THE ATLANTIC – A record of the plague dead:
Stacy Forbess, 55, an Alabama twirling coach; Haley Mulkey Richardson, 32, a pregnant Alabama nurse; Cindy Dawkins, 50, a Florida restaurant worker;
and Martin and Trina Daniel, 53 and 49, a Georgia couple married for some 20 years; Lawrence and Lydia Rodriguez, 49 and 42, a Texas couple married for 21.
All unvaccinated, and all whose deaths were covered by various papers and TV stations, with notes of shame or contempt subtle in some tales and bold in others.
Whom are these stories for? They seem to aspire to be persuasive—perhaps the unvaccinated simply don’t realize, or haven’t accepted, that COVID-19 can be quite suddenly fatal, even for the otherwise young and healthy.
In that case, they could use some frightening reminders, or so the reasoning seems to go.
But if persuasion is the target, then the aim seems off—a general problem in our democracy, where persuasion is a key method of self-governance but something we’re less and less amenable to.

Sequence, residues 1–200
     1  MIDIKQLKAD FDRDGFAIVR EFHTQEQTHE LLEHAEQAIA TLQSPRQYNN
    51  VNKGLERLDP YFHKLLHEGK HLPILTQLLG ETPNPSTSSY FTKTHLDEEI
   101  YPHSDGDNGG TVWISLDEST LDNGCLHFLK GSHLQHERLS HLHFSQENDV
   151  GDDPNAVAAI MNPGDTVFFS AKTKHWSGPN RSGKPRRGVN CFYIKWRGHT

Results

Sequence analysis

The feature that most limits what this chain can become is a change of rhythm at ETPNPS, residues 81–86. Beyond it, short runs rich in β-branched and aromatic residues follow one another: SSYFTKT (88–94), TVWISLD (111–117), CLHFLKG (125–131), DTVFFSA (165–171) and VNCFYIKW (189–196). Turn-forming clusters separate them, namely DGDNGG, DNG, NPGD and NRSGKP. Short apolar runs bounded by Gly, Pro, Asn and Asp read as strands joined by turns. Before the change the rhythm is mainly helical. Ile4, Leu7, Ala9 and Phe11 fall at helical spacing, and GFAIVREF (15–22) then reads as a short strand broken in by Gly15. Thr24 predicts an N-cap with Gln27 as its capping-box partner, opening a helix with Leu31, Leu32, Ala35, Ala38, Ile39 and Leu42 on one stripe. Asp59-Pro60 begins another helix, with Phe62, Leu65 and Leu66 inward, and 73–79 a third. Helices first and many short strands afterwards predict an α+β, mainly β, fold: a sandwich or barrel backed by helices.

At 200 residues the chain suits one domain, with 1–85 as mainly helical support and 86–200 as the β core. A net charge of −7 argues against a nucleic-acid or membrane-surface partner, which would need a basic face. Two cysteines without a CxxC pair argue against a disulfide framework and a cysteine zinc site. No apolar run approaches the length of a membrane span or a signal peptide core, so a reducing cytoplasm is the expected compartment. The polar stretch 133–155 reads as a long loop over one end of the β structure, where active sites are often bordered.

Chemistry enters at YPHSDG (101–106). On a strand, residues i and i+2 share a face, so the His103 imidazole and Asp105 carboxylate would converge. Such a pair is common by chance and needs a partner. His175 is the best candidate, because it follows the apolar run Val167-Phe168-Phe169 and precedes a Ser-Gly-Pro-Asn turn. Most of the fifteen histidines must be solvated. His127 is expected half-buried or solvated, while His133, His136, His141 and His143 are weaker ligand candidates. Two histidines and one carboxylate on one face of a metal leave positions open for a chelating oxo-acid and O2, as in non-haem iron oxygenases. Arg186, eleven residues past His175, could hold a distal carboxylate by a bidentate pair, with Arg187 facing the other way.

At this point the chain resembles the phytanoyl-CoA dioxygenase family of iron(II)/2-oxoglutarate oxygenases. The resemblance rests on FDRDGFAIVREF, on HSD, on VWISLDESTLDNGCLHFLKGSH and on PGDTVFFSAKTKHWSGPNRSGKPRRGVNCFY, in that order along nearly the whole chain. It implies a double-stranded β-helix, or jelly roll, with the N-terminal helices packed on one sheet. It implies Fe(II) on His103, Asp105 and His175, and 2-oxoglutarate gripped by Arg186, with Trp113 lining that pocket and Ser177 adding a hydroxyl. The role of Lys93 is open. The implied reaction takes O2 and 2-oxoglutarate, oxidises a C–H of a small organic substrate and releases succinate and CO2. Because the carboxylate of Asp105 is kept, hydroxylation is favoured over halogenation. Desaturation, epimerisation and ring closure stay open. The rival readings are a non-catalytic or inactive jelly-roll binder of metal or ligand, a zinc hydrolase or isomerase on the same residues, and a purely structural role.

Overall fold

In that sense, the strange case of vaccine persuasion is just another entry in the annals of our disillusionment with our own liberal democracy.
One receives the distinct impression from today’s discursive environment that persuasion in its traditional democratic form—wherein a great deal of value is placed upon shrewd and moving rhetoric that assumes listeners’ basic goodwill—is a useless venture, and that lower forms—insults, scolding, intra-group memeing, the dirty persuasion of disinformation campaigns—are all that’s left.
Maybe those things are useless too, one gathers, but at least they’re fun and cathartic.
Still, it’s worth considering what an honest persuasion effort aimed at the unvaccinated or vaccine-hesitant would look like, even if we may never see the population-level vaccine uptake that we’d like to. Good-faith persuasion is a matter of discipline and habit; it’s not something that comes naturally … READ MORE.